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					KATHARINE GRAHAM: PERSONAL HISTORY PERSONAL HISTORY DISCUSSION FLOW 1. Risk Analysis of Pentagon Papers Decision (25’) 1.1. As we know, the pivotal point in this incident came in a phone call to Graham, asking her to decide whether to publish articles analyzing the Pentagon Papers. Risk analysis is an important type of situation analysis– a way of looking at the facts through the lens of risk and reward. What were the risks here? 1.2. What were the risks of publishing the Pentagon Papers? • How do you think its business duties should be weighed against the Post’s duty to defend freedom of the press? How can duties that appeal to different principles (and parties) be sorted out? 1.3. Were there risks in not publishing? What were they? 1.4. Graham and Bradlee both describe the events that led to The New York Times being unable to publish the Pentagon Papers.1After the Times refused US Attorney General John Mitchell’s request to stop publishing articles related to the Pentagon Papers, “the US Justice Department went to court and got an injunction against the Times, restraining a newspaper in advance from publishing specific articles, for the first time in the history of the republic.”2 • What is “prior restraint” of the press, and why did Graham and Bradlee regard it as so problematic? • Do you agree with the position they took– that prior restraint of press is always bad? Why or why not? How about in this situation? 2. Assessment of Graham’s Pentagon Papers Decision (30’) 2.1. Bradlee and the others certainly knew who had to make the final call on this set of competing risks. Bradlee’s language is telling: he referred to “the ultimate showdown with Kay Graham;”3 “a fail-safe telephone call with Kay;”4 and, finally, “show time.”5 We are at the actual moment of decision-making. Let’s read [out loud] both how Bradlee (page 316) and then Graham (page 450) describe this moment, and then get your reactions. 2.2. What is your assessment of this process, and of Graham’s leadership? 2.3. What principles did Graham invoke in her decision? What was her rationale? 2.4. Let’s look at what Graham says, herself, about her rationale (page 457). What is Graham saying about citizens in a democracy? In what ways is the publication of information like the Pentagon Paper a contribution to the national interest? How does Graham define the obligation of a “responsible newspaper”? 2.5. Were the rights and duties of a newspaper that Graham claimed unbounded? What rules did the Post use in working with the Pentagon Papers?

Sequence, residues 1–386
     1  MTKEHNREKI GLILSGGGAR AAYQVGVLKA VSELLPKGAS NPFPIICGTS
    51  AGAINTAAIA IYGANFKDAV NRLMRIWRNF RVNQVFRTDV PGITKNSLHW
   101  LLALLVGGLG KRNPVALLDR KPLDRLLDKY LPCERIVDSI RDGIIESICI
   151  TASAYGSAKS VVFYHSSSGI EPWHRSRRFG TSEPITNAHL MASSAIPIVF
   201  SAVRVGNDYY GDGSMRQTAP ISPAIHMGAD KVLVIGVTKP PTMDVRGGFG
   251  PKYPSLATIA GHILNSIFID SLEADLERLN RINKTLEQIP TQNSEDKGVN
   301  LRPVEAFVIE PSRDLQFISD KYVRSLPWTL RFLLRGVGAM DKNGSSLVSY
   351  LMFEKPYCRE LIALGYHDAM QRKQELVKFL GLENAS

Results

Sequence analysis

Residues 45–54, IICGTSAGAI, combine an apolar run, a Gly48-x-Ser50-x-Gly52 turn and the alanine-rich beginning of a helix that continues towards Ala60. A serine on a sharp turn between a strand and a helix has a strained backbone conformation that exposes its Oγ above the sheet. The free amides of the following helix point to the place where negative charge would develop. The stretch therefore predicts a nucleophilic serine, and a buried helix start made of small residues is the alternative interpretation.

See Ben Bradlee, A Good Life, New York: Touchstone, 1996, p. 312, and Katharine Graham, Personal History, New York: Vintage Books, 1998, p. 446. 2 Bradlee, op. cit., p. 312. 3 Ibid., 315 4 Ibid., 316 5 Ibid., 316


3. Differences between Watergate and Pentagon Papers (15’) 3.1. What were the most important differences between Watergate and the Pentagon Papers? 3.2. How would you compare the level of risk between the two situations? 4. Assessment of Graham’s Leadership During Watergate Investigation (20’) 4.1. In your view, how well did Graham handle the Watergate investigation? 4.2. We know that unlike the Pentagon Papers, that lasted only a few weeks, the Watergate investigation took over two years, and was marked by increasingly ferocious opposition. How did Graham (and Bradlee) sustain the Post through it all? What was Bradlee’s role? What did he do? What was Graham’s role? 4.3. What, exactly, did Graham do? 4.4. Were there rules here? What means did the Post use to pursue its ends? In what ways were these rules important? Why did they matter? 4.5. What base was Graham starting from? What was the impact of the Pentagon Papers on Graham’s relationship with Bradlee and the Post organization? 4.6. How would you weigh the gender factor as an influence on Graham and her actions, and on how she was perceived? 4.7. Graham said that “Courage applies when one has a choice,”6 and that she “never felt she had much choice,”7 since there was no single decision to make. So, she was not courageous in her own view. Do you agree? 5. Is This Moral Leadership? (15’) 5.1. If Machiavelli could have constructed a setting to explore his concepts in twentieth-century American business life, he would have been hard pressed to find a better example than the story of Katharine Graham. Threatened by powerful enemies with almost infinite resources and a willingness to use them, the Washington Post needed to defend itself from attacks while it pursued an investigation of those in power. How would Machiavelli evaluate Graham? What would he think of her performance as a leader? 5.2. What has Kay Graham added to your definition of moral leadership? What new elements do you see in her leadership that are different from the leaders we have studied? 5.3. Has Graham demonstrated moral leadership?


6 7

Graham, op.cit., p. 505 Ibid.


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